I’m very excited to announce that I’ll be part of the Light Grey Art Lab Norway Residency! For the next 12 weeks, I’ll be working on a mini-thesis and body of work on the theme of uselessness and then, in June, meeting the rest of Team Vann in Bergen.

I hope to make a lot of new work over the next 3 months, and I also hope to document it—studio journals, random thoughts, works in progress, finished work—here. I’ve pasted my proposal from my application below in case you’re interesting in how I’m approaching the exploration of uselessness.

The possibility of being useless or of the writing and art I make being useless is something that’s been bothering me. It’s also something that’s resulted in a lot of inertia. You could argue that uselessness (or usefulness) is not the best gauge of worth, and I’d agree with that, but it keeps coming up for me. When that happens, I get keen to spend time thinking about what it means and how it can be interpreted.

This week, I’m working on a visual essay about SOUND. I’ll journal pics and the finished essay soon, but I’ve been thinking about Chopin’s piano etude op. 10 no. 1, water, brown noise, breath, a ship’s bow wave, ternary form in music, cervical vertebrae, and unrequited love.

Mini-thesis application/proposal for LGAL Norway Residency:

My favorite thing in the world is to be a student, and I’m drawn to the devotion required to develop a creative process that builds iteratively toward a productive learning experience in Norway. I’m interested in what will happen when I work toward thinking intensively and making artistic progress on a theme, share processes in a group, and watch the evolution of everyone’s projects in the state of heightened observation and sensation brought about by travel.

I’m intrigued by entering an experiment where struggles are encountered as possibilities for fun projects—reasons to wake up in the morning rather than fearful and paralyzing barriers to art-making. And I’d like to have the kinds of conversations and learning experiences that can happen in an environment where artists, rather than dismissing problems or struggles as self-deprecation, foster interest in exploring challenges as opportunities to initiate an adventurous process and make something new.

Much of my artistic life and thought in the past few years has been preoccupied with the fear of being useless. In my life as a researcher, I can see how my work affects others’ lives, and I can acknowledge how others’ art has broad meaning and effects on people’s emotions and societal change. But my art focuses on small things or events—the minutiae that snags as important in my mind for no apparent reason other than that I need to express and transform it through art and writing. I worry that my work has no use and that I’m developing talent and skills that don’t serve others or solve problems directly. As a consequence, I’ve become hesitant about starting new projects, started to question my curiosity about the world on the basis of one metric, and become increasingly anxious about things that I would otherwise probably enjoy exploring as part of my art practice. Unlike the daily struggle in scientific life where there is faith that seemingly useless work may lead to a helpful advance, the daily artistic struggle for me must grapple with the anxiety that both the process and the outcome are useless.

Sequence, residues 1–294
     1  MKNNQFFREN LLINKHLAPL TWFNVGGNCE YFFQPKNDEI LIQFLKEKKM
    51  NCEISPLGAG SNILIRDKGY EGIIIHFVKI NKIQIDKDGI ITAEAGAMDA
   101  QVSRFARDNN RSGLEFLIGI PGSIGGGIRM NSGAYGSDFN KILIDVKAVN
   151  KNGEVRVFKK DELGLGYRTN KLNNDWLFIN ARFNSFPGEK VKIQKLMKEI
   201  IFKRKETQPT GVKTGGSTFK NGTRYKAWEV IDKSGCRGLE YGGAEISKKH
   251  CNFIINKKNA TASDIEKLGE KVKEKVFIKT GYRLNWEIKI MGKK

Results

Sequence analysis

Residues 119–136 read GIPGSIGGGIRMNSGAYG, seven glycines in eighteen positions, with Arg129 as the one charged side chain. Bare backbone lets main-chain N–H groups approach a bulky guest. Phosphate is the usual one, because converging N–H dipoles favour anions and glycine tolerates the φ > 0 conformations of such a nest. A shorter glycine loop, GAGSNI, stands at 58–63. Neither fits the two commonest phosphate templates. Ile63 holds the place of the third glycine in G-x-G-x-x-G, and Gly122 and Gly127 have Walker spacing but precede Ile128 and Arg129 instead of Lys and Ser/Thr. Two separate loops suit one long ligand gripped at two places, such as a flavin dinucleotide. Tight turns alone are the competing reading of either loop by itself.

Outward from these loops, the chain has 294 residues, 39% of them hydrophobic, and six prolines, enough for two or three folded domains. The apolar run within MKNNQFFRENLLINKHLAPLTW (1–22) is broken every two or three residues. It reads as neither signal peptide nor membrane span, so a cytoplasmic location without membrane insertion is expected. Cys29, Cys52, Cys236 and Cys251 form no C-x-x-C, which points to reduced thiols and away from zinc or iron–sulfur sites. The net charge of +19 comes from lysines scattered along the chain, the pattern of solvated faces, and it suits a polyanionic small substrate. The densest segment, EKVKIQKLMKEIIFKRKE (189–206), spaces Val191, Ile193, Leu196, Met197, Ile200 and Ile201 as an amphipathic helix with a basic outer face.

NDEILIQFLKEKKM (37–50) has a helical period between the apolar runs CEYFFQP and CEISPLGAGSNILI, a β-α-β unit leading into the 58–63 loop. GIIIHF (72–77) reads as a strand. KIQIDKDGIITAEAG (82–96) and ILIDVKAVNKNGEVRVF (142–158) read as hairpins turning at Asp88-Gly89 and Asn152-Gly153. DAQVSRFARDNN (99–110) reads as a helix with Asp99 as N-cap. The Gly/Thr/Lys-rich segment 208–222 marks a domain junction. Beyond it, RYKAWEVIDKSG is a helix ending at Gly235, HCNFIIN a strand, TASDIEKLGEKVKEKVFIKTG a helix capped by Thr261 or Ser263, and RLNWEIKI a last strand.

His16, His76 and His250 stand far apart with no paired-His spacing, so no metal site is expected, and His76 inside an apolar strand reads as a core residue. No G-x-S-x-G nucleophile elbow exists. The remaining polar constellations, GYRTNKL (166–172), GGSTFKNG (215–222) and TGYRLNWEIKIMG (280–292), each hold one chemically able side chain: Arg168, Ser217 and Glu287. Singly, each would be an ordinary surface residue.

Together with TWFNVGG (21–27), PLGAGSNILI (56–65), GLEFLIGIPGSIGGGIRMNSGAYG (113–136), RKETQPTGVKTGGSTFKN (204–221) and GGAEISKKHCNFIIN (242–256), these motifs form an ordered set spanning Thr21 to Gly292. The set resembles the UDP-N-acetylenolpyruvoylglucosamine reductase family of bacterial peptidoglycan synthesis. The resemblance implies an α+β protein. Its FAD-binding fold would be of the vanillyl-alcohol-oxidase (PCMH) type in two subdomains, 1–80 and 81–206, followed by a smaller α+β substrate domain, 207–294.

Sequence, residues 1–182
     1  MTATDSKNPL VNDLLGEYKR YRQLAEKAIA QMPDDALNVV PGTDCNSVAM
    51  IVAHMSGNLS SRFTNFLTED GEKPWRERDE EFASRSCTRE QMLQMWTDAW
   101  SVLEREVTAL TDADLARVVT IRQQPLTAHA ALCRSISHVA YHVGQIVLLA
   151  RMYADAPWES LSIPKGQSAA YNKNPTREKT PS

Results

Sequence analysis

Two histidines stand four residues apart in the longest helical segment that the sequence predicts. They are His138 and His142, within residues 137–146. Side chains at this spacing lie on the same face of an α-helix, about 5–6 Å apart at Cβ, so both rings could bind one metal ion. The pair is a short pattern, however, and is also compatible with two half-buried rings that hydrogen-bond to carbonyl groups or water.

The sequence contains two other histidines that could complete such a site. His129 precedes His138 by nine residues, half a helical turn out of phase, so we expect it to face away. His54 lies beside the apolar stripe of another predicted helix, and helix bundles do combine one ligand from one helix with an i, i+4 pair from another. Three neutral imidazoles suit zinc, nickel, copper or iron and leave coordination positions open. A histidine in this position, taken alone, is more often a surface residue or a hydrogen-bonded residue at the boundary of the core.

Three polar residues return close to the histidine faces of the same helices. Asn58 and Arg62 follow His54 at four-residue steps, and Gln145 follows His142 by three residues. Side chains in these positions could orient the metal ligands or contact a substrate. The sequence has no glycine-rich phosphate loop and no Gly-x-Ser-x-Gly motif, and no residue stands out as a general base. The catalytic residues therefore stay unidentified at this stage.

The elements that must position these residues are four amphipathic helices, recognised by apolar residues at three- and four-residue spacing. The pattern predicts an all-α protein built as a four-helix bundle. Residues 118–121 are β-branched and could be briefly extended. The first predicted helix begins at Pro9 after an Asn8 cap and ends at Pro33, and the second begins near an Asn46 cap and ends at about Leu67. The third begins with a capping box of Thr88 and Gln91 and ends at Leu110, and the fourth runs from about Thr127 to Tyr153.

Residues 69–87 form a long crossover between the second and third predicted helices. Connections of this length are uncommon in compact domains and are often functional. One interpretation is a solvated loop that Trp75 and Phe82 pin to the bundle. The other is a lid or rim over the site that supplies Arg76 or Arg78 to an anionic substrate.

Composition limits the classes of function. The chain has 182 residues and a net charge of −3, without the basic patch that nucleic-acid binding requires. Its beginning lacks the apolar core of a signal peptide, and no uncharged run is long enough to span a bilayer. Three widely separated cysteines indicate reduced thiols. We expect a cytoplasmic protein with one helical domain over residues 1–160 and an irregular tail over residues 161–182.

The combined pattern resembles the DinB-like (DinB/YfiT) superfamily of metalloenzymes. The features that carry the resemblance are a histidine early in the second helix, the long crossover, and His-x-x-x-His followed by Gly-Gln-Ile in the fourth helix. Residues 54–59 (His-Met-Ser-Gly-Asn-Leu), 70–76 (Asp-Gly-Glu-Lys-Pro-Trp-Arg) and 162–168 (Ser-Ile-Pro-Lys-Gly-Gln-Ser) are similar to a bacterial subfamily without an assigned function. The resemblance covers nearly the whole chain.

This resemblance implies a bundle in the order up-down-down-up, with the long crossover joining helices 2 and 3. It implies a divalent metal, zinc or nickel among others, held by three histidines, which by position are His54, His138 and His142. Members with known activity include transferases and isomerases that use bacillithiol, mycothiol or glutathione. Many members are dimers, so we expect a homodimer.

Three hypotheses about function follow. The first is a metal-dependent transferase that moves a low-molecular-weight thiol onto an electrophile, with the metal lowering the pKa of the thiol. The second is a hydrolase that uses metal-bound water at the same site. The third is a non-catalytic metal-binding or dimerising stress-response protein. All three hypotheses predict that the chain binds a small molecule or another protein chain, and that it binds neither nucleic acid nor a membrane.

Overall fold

I would like to explore this idea of uselessness—Is the artistic life useless? Can uselessness be a good thing? I aim to explore, through art and writing, the idea of what we consider useless—insects whose bodies and lives we’re able to know largely through information about how to kill them, the minutiae of daily life, work in service of livelihood. My goal is to consider different understandings of uselessness—as counter to destruction, as observation that returns an object or event to itself, as prayer or meditation on a lost sacredness. I would like to document this project through ongoing visual essay; sharing this work with others will also be an experiment in going outside of my comfort zone and challenging my fear of my work being irrelevant. I hope to use this project as a way to develop a cohesive artist statement, a plan and values for future work, and a strong body of art that honors and transforms the idea of uselessness and the sacredness of “useless” beings and objects.


Keep a studio journal that documents progress and thought fueling artwork and what I’ve learned from studying, thinking, and writing on the theme of uselessness.

Read four books on the theme of uselessness: The Usefulness of the Useless by Nuccio Ordine, The Hall of Uselessness by Simon Leys, Architecture and Disjunction by Bernard Tschumi, and a book or several books from Bloomsbury’s Object Lessons series.

Create and share a small illustrated essay every week on the subject of something intriguing sparked by reading, walking, communicating, or other forms of observation. The essay should serve no identifiable purpose/use other than the enjoyment and contemplation of its subject.